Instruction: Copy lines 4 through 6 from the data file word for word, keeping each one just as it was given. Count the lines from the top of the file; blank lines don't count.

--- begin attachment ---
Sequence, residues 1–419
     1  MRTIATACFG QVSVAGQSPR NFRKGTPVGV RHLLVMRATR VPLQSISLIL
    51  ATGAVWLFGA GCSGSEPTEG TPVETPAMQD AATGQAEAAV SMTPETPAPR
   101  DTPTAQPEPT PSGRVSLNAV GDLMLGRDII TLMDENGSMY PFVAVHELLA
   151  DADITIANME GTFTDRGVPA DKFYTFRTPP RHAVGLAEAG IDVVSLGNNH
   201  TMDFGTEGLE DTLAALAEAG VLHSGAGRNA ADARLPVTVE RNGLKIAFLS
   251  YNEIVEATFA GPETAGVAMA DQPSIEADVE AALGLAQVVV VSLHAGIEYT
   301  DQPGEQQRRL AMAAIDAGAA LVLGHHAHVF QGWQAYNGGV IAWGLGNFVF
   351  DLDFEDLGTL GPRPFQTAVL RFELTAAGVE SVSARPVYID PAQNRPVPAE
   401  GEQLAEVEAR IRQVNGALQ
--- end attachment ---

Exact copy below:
   101  DTPTAQPEPT PSGRVSLNAV GDLMLGRDII TLMDENGSMY PFVAVHELLA
   151  DADITIANME GTFTDRGVPA DKFYTFRTPP RHAVGLAEAG IDVVSLGNNH
   201  TMDFGTEGLE DTLAALAEAG VLHSGAGRNA ADARLPVTVE RNGLKIAFLS